Sometimes It’s Enough Just to Show Up

Today was a frustrating morning. I woke up, and before I even got out of bed, I decided that I was going to go to the gym.  I proceeded to get dressed and gather my things.  I grabbed a lightweight jacket since I am usually hot by the time I finish running and don’t need one coming back. As soon as I stepped outside the wind hit my ears and I shivered a bit. Despite that, I proceeded to walk over to the clubhouse. I was looking forward to going inside to escape the chill, but suddenly realized that I had grabbed the wrong key, and had my car key instead of the clubhouse fob.  So back home I went, trying not to think about how cold I was.

Once home, I exchanged keys and stopped to talk to M. He suggested that I treat myself to a warm drink from the food truck when I finished my run. That sounded really good, and I headed back out the door. As I neared the clubhouse, I suddenly realized that I had forgotten to take some money for my post-workout treat. Ugghhh!  Back home I went, with the wind hitting my face the whole way. I grabbed some cash and decided that this time I was going to drive over. Finally, I walked into the gym. I wiped down the machine and started settling my things when I realized that at some point I had set down my water bottle and no longer had it with me. I told myself it would be okay as I wasn’t planning a long run and proceeded to start up a podcast on my phone. That’s when I also realized that my headphones weren’t pairing. At that moment, I thought, “This is ridiculous, I’m just going to go home.”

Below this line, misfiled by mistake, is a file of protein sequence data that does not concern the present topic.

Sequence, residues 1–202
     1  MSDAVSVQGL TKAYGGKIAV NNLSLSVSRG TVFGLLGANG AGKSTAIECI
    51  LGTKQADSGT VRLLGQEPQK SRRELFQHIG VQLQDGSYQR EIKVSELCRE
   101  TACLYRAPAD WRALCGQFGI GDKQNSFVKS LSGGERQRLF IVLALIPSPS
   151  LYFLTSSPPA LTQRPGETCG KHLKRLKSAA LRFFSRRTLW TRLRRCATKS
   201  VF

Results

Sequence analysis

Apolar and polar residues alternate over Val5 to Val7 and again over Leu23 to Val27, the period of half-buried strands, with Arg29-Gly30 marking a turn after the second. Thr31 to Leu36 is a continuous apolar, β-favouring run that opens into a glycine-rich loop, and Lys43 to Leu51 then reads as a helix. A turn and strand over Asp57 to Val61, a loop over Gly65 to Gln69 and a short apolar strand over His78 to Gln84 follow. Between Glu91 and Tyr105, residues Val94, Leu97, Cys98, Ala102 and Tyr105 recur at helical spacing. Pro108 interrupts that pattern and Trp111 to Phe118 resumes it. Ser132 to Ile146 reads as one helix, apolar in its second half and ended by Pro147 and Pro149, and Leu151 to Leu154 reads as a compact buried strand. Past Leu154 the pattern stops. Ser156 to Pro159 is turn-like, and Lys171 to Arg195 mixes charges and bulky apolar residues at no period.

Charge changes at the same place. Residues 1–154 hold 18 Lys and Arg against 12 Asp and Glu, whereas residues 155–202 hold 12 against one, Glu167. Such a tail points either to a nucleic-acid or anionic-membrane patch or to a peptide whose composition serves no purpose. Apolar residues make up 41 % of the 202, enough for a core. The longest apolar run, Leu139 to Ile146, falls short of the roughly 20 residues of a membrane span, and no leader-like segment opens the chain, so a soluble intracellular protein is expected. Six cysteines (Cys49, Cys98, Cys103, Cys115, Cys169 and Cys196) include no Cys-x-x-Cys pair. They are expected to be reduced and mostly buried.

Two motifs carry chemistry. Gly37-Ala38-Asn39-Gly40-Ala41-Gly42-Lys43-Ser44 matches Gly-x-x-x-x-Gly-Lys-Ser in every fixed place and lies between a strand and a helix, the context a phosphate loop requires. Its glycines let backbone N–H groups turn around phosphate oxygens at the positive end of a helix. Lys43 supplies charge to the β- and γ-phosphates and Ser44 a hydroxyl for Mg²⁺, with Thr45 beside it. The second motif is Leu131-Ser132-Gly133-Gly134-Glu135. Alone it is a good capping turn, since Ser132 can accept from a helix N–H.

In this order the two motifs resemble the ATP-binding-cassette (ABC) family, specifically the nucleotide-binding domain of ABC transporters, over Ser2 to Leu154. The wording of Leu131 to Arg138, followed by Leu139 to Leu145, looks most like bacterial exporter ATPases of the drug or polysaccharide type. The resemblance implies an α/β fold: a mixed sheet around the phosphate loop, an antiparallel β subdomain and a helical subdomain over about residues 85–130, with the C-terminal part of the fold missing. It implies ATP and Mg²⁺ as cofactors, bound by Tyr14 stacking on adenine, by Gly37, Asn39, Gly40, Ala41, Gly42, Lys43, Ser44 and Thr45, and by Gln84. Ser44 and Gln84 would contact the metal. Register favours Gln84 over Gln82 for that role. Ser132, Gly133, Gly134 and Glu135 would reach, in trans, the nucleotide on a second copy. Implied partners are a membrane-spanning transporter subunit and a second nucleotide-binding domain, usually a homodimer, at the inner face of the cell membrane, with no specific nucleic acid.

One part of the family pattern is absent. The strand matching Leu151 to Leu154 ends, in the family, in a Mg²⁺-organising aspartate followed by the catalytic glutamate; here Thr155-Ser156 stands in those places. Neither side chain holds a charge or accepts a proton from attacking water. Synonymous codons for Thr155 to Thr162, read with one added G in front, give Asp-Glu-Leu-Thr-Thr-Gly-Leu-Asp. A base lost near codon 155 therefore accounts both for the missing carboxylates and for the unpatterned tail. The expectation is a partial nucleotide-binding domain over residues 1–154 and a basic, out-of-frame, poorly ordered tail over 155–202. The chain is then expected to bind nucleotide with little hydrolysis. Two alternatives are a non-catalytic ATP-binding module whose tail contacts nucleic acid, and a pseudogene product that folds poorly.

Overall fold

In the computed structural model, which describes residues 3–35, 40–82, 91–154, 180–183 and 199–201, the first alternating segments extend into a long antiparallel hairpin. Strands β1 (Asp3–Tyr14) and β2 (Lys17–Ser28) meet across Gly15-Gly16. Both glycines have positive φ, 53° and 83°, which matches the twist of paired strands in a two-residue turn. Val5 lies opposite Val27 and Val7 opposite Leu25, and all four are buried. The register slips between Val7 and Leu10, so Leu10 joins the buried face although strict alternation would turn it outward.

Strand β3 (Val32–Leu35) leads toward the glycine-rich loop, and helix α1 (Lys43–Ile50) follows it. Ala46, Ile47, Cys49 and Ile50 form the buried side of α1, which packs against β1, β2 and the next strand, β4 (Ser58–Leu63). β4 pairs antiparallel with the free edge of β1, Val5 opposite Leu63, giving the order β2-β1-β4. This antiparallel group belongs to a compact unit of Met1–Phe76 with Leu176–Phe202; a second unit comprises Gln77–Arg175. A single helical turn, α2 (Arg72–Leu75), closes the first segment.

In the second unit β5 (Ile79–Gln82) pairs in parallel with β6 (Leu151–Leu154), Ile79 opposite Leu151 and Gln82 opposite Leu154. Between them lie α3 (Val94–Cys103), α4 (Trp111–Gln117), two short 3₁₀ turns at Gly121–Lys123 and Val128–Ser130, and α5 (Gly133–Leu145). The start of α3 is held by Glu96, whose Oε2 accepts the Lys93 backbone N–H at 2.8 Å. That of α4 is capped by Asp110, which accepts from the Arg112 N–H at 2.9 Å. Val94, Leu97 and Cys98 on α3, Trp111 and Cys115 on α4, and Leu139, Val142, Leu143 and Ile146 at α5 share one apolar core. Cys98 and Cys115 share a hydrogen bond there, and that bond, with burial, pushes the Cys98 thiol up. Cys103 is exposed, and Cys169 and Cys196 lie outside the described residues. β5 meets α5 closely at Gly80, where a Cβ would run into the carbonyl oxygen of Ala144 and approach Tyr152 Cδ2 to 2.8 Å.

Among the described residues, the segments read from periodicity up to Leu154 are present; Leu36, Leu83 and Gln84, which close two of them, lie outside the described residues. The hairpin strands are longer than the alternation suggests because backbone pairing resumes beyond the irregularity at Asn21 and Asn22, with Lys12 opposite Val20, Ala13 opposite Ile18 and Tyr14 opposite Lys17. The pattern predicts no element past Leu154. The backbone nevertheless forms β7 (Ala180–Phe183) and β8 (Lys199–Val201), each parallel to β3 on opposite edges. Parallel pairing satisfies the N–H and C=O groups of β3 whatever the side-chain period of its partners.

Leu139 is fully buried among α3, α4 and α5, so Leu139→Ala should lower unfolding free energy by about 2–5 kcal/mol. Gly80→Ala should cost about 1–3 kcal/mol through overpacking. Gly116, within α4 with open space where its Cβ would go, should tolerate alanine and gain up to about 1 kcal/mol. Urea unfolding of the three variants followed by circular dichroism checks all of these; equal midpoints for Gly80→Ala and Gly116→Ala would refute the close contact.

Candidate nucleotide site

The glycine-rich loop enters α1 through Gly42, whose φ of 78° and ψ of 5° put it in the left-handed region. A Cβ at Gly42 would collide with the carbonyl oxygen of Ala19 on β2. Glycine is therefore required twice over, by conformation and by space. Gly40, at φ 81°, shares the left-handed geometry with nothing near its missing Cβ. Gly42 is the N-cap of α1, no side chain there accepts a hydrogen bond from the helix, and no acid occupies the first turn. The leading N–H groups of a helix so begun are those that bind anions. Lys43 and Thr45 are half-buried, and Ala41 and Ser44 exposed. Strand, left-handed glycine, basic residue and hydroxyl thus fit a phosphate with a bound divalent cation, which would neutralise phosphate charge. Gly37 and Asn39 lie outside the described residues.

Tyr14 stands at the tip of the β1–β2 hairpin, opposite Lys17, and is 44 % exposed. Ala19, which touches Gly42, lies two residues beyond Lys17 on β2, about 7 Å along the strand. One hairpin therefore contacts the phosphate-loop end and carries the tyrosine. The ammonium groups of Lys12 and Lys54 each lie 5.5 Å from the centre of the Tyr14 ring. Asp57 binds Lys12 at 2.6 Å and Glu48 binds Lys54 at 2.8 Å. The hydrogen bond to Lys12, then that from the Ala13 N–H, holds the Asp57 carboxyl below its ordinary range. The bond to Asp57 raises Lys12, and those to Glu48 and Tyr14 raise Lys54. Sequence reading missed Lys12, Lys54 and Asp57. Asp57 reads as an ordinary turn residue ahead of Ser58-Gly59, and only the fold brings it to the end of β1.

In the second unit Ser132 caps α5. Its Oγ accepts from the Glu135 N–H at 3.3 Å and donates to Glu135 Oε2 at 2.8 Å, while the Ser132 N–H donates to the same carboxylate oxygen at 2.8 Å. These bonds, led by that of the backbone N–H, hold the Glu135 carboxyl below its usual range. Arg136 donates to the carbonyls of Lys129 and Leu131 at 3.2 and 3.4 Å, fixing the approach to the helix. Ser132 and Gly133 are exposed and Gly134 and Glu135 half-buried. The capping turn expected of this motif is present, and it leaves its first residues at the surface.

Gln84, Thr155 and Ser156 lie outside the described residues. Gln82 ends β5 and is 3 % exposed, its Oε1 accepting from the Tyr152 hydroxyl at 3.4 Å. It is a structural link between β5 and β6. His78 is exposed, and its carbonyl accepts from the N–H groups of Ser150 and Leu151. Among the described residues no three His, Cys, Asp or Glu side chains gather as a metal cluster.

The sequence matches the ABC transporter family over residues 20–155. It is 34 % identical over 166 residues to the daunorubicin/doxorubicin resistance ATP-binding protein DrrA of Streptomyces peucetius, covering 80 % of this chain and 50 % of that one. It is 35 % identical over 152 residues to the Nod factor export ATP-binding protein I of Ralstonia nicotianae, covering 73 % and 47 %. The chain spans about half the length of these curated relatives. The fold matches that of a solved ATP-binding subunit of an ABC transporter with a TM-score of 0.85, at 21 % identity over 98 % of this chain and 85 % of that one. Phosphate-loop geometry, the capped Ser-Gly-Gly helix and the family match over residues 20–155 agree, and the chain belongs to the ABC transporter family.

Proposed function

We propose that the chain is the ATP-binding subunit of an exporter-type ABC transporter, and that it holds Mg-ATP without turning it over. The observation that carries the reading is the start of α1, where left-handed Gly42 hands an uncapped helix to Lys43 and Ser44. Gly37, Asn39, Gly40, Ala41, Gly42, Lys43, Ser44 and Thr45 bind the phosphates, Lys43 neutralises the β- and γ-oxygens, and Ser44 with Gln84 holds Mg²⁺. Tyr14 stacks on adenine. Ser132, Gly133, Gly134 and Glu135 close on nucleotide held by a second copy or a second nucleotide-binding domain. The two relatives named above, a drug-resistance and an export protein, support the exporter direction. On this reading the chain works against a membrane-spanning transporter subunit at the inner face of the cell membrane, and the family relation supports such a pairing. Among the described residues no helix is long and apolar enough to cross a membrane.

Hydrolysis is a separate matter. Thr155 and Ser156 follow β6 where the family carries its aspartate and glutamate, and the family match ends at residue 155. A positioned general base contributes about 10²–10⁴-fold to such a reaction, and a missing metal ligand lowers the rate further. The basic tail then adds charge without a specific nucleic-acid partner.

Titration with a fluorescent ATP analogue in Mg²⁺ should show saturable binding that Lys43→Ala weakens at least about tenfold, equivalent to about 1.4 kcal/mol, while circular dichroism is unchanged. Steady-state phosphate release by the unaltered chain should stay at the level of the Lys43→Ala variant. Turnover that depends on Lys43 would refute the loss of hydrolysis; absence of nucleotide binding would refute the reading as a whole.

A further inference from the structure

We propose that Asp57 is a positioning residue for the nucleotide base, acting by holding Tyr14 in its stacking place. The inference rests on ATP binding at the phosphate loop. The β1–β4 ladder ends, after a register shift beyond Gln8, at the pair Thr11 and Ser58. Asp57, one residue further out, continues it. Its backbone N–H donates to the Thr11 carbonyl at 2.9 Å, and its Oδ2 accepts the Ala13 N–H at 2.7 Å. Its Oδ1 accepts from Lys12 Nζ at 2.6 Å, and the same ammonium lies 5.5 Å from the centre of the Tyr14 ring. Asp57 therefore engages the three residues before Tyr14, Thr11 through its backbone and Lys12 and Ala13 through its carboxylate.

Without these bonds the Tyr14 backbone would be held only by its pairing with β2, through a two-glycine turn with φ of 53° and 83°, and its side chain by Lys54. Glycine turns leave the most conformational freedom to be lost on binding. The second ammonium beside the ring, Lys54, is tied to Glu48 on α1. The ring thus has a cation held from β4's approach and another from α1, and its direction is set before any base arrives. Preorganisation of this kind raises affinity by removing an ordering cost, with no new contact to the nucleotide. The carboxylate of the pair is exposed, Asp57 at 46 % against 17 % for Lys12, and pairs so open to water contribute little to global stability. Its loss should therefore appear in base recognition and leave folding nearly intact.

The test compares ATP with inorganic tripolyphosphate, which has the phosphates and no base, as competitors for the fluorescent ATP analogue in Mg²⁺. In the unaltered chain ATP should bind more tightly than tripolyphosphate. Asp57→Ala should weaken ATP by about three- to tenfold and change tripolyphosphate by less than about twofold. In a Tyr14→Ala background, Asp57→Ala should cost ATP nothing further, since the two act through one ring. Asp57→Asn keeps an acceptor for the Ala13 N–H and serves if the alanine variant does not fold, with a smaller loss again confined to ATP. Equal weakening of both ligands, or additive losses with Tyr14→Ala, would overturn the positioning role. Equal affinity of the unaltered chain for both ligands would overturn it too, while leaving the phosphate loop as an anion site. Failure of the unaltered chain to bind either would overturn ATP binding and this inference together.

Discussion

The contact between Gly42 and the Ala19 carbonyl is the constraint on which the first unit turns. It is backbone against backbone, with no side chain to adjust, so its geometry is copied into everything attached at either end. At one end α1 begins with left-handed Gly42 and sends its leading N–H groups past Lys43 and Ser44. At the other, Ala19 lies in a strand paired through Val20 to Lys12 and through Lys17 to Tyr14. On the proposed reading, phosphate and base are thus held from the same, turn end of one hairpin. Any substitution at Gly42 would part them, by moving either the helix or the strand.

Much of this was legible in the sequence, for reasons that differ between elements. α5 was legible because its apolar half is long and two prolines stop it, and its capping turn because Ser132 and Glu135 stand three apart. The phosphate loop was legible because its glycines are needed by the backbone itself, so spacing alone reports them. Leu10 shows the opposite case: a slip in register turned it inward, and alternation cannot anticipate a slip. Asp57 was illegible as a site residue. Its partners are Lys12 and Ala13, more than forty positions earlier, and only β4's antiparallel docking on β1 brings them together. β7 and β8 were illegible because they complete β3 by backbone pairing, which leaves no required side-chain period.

Photograph of Eliud Kipchoge (2021) Retrieved from sport/eliud-kipchoge-olympic-marathon-spt-intl/index.html

I have been running for approximately five  years now. I have had periods when I ran nearly every day, and I have had periods when my running was more sporadic. Time and time again I have  found is that my running becomes much easier and more enjoyable when I commit to doing it at least three times a week. Whenever I run less than that, I find myself with injuries or not able to maintain my fitness level.

Eliud Kipchoge, one of the greatest runners in the world, once said, “I’m confident in saying that consistency is key if you want to grow in a new profession. Be it sport. Be it law. Be it all sorts of professions. If you are not consistent you cannot go anywhere. Consistency makes you to grow.” Considering that Eliud has won 2 Olympic gold medals and can run a pace of 4:33 per mile, I think he knows what he’s talking about.

So even though I really wanted to just go home, and think about running another day, I didn’t. I knew that I had a busy week ahead and that I likely wouldn’t get back to the gym for several days. I knew that the feeling of going home at that moment wouldn’t feel nearly as good as going home after a workout. So I stayed.  I didn’t run as far as I originally planned, but I ran .  And I checked off another day of running for the week.  Sometimes it’s enough just to show up.



Cathal Dennehey (10/29/21). Eliud Kipchoge: Inside the camp, and the mind, of the greatest marathon runner of all time. Retrieved from

NN Running Team (n.d.). Meet Eliud. Retrieved from

Sweat Elite (n.d.). Eliud Kipchoge – 15 Motivational Quotes About Training and Life. Retrieved from

World Athletics (n.d.). Eliud Kipchoge. Retrieved from

Photograph of feet running on treadmill (n.d.) Retrieved from’’>pascalk</a>

Photograph of Eliud Kipchoge (2021) Retrieved from




You may also like